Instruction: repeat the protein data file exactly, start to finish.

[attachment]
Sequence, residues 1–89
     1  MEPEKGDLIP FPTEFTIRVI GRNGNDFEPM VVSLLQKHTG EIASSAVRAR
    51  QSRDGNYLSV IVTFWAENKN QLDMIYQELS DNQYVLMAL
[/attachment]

Sequence, residues 1–89
     1  MEPEKGDLIP FPTEFTIRVI GRNGNDFEPM VVSLLQKHTG EIASSAVRAR
    51  QSRDGNYLSV IVTFWAENKN QLDMIYQELS DNQYVLMAL